The Nepalese rupee is the official currency of the Federal Democratic Republic of Nepal since 1932, when it replaced the Nepalese mohar. The official currency symbol: रु. The first banknotes were issued between 1945 and 1955. At that time, Nepal did not have a central bank; the issue was given under the reign of King Tribhuvan and signed by the Kajanchi, who played the role of Head of the Treasury and the Hindu priest. The notes were introduced in denominations of 5, 10, and 100 rupees, followed by 25 and 250 commemoratives rupees in 1997. Nowadays, the issuance of the currency is the responsibility of the Nepal Rastra Bank (central bank of Nepal) and are banknotes circulating in denominations of 5, 10, 20, 50, 100, 500, and 1000 rupees.
The 100 Nepalese rupees note front design presents two scenes; the first shows a view of Mount Everest, which is the highest mountain on Earth above sea level, located in the Himalayas, on the border between China and Nepal, the second illustrates an oval-shaped seal containing Mayadevi in metallic silver, a sketch of the map of Nepal, a Pillar of Ashoka, and the wood carvings from the Taleju temple located in Kathmandu. The design is completed with the reverse of a Nepalese coin bearing the inscriptions Shree Bhawani (Goddess Durga), Asarfi (gold coin), Nepal, and Khadga (double-edged sword). The lettering on this side of the note is presented in the Nepali language. The reverse of the note illustrates an Indian rhinoceros with his calf on a Nepalese landscape. The design is completed by the Nepal Rastra Bank logo (a Garuda over a shining sun and the motto: Lead Us from The Unreal to The Real). The lettering on this side of the note is presented in the English language. This note is part of the 2015 – 2019 series, and its color is green.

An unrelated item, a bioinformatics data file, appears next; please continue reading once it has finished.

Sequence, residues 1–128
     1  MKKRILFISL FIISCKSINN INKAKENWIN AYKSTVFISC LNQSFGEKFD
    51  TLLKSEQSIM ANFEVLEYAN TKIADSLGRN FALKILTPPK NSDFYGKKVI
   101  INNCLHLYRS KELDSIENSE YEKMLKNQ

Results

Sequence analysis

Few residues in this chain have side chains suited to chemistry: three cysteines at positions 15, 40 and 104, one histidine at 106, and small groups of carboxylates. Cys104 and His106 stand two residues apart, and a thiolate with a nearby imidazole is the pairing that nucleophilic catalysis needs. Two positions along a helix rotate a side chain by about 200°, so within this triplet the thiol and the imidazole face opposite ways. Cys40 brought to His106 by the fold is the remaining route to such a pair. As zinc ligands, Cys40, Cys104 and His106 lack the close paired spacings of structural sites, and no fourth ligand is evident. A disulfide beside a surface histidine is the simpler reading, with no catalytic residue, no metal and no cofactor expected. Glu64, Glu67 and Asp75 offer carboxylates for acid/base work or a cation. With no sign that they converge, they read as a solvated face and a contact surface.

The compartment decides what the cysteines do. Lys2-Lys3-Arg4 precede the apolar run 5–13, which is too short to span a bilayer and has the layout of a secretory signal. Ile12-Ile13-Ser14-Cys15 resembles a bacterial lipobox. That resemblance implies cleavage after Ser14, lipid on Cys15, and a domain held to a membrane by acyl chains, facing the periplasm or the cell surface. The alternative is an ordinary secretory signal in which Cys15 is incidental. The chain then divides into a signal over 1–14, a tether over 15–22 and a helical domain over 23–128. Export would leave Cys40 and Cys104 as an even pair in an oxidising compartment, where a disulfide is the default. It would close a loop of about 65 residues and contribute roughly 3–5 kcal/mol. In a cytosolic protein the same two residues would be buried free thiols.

Text: Shree Nepal Rastra Bank Guaranteed by His Majesty’s Government Rs. 100 Rupees Will be Paid Immediately by Nepal Rastra Bank on Demand, Lead Us from The Unreal to The Real, 100, Rupees One Hundred, 2015 A.D. Lumbini The bird Place of Lord Buddha.